David J. Weber, Book Reviw Editor
The American West and the Religious Experience. Ed. by William M. Kramer. Los Angeles: William M. Kramer, Publisher, 1974. Index. 150 pages. $7.50.
Reviewed by Lionel U. Ridout, Professor of History, San Diego State University, author of Renegade, Outcast and Maverick: Three Episcopal Clergymen in the California Gold Rush (1973).
This small but expensive paperback is one of the Western America Study Series edited and published by Rabbi William Kramer, who has contributed greatly to our knowledge of Jews in the West. This work is also a contribution to our knowledge of religious activity in Western America and suggests that further, more expanded studies need to be made.
Four contributors to the present volume are professors of the faculty of California State University, Northridge; of these the work of one, John E. Baur, is known to me. His earlier studies in the history of California and the West, like this, are most effective. I am less familiar with the works of Crerar Douglas, F. Patrick Nichelson and James Sefton. However, their essays in this volume, for the most part, are worthwhile.
Another contributor, Norton B. Stern, editor of the Western States Jewish Historical Quarterly, and bibliographer of California Jewish History, is well-known for his studies of Jewish history in this state. His essay, collaborating with Rabbi Kramer in this present volume is significant, factual, restrained.
Father Francis J. Weber, Archivist of the Archdiocese of Los Angeles, is so well-known for his superlative contributions to California religious history that little more need be said.
It is difficult to review adequately each of the seven essays in this work. A few titillate curiosity and create a desire to gain a great deal more information; others are interesting, informative, well-researched, but not particularly exciting.
In this reviewer’s opinion, John Baur’s “Cowboys and Sky Pilots” is outstanding in interest, writing, and creative effort. It requires full-length treatment. It is of course, written excellently, masterfully researched, and makes a real contribution to our scant present knowledge of the cowboys’ reaction to their historical present and future. Baur has a happy faculty of saying succinctly what the reader needs to know. I had no idea that the vaqueros had a real interest in religion, or that within themselves they, at times, created their own religious theories. As Baur suggests, the religious ideas of Negro cowboys need further study, as does the “possible influence of the Indians’ theology on the cowboy’s religious convictions…. ” Baur’s, in my opinion, is a truly significant essay.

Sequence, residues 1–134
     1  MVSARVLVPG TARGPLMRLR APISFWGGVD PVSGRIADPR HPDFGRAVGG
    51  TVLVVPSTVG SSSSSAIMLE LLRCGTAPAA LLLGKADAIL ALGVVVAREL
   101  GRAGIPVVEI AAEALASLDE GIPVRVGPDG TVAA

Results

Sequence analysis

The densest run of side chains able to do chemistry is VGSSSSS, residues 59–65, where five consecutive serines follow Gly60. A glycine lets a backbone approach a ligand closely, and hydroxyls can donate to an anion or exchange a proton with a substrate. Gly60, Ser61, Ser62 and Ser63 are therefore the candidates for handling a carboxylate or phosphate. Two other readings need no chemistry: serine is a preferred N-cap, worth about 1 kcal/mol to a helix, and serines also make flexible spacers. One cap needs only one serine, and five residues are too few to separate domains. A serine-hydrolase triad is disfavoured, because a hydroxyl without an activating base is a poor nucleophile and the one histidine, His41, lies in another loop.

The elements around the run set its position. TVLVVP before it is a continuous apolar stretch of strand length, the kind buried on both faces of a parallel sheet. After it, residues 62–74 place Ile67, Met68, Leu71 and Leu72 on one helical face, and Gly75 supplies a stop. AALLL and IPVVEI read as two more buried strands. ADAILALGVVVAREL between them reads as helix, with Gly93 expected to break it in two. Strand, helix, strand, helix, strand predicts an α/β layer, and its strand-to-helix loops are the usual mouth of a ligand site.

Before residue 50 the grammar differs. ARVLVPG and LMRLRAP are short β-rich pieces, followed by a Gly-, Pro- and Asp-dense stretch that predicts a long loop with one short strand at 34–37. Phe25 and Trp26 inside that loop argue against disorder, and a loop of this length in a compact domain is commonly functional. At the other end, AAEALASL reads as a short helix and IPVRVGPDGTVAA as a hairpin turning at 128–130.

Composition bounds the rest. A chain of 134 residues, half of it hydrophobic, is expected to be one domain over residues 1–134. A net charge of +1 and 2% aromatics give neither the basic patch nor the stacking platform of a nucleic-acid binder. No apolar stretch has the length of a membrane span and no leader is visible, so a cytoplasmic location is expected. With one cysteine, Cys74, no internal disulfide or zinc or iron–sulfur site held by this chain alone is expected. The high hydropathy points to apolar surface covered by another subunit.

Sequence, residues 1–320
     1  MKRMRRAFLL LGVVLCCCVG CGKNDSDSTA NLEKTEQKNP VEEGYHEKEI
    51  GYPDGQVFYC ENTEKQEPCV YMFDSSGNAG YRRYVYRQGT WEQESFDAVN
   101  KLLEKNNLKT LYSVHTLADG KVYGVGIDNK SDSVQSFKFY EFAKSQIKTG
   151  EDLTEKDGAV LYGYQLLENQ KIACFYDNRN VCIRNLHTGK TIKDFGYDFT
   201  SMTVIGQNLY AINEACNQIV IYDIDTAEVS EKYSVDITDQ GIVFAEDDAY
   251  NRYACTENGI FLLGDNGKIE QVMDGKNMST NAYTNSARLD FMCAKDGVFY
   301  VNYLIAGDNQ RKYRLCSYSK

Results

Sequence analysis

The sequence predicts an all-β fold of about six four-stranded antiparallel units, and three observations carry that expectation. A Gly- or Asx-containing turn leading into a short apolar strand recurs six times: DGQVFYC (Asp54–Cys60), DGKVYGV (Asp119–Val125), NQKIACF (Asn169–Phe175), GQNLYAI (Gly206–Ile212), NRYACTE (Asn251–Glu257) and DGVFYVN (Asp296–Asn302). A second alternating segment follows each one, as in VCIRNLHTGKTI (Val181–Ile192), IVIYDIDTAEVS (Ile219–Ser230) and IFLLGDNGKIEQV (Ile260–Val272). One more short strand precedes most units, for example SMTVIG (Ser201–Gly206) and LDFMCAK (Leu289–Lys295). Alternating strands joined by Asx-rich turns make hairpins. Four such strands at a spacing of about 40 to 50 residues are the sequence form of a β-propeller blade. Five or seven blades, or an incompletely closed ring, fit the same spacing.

Naturally, anything produced by Father Francis J. Weber is to be reckoned with. His “Catholic Church Among the Mormons in the 1880’s,” based on an earlier work, is primarily selected from the reports to the Societe de la Propagation de la Foi (founded by Pauline Jaricot after 1800 to support foreign missionary work) by Father Lawrence Scanlan (1843-1915) first pastor of Salt Lake City, and later, Father Dennis Kiely, whose report was also written at Salt Lake City. Both reports are fascinating as they explore the reactions of Mormons and other non-Catholics to the Church’s missionary activities.
Stern’s and Kramer’s “Anti-Semitism and the Jewish Image in the Early West,” is especially interesting. I have long been fascinated with the problems of ethnic minorities in California. Realizing that, as explained in the essay, Judaism is a religious, not an ethnic problem, it was interesting to me to read of the bigoted attempts, through newspapers particularly, to degrade these honest people. The terms German Jew, Polish Jew, etc., were used snidely to denigrate a people whose religious beliefs were subordinated to what was believed to be their “racial” and “acquisitive” characteristics. One does not have to look hard to find the same inhumanity today. The Jews were typified, not humanized. Dr. Stern’s bibliographical work on the Jews in California is of great value-really a “must” for California historians.
Of worth, but of no great excitement, is James Sefton’s essay, “Tribute Pennies and Tribute Clauses,” a study of the relations of church to state and church to education as indicated in the constitutions of Western states. The work shows thorough study and research, but honestly, it failed to make me wish for more.
Two essays, “The Gold Rush and the Kingdom of God.” (by Crerar Douglas) and “Frontier Methodism,” (by Le Roy L. Lane) are not without interest. The former is based mainly on James Woods’ Recollections of Pioneer Work in California, and is interesting because of Woods’ keen observations and ability to give a graphic picture of gold rush days. “Frontier Methodism” stresses the application of emotional excitement to the individual as attempts were made to convert the unbeliever or backslider to the Kingdom of God. The notes for the latter are of bibliographical interest.
“Non-Protestants in Southern California” by F. Patrick Nichelson brings out an unkind trait in me. In my opinion it might have well been omitted. Stressing the “Catholic and Jewish experiences in Los Angeles’ Suburbia,” it appeared to me that the essay started no place and, after exertion, reached no where. I am utterly confused as to whether the author was writing as a religionist, historian, or sociologist-or just writing.
All in all this little volume has value for those interested in religion and the West. I am hopeful that it will lead to lengthier studies. I look upon it as an addition of worth to my library.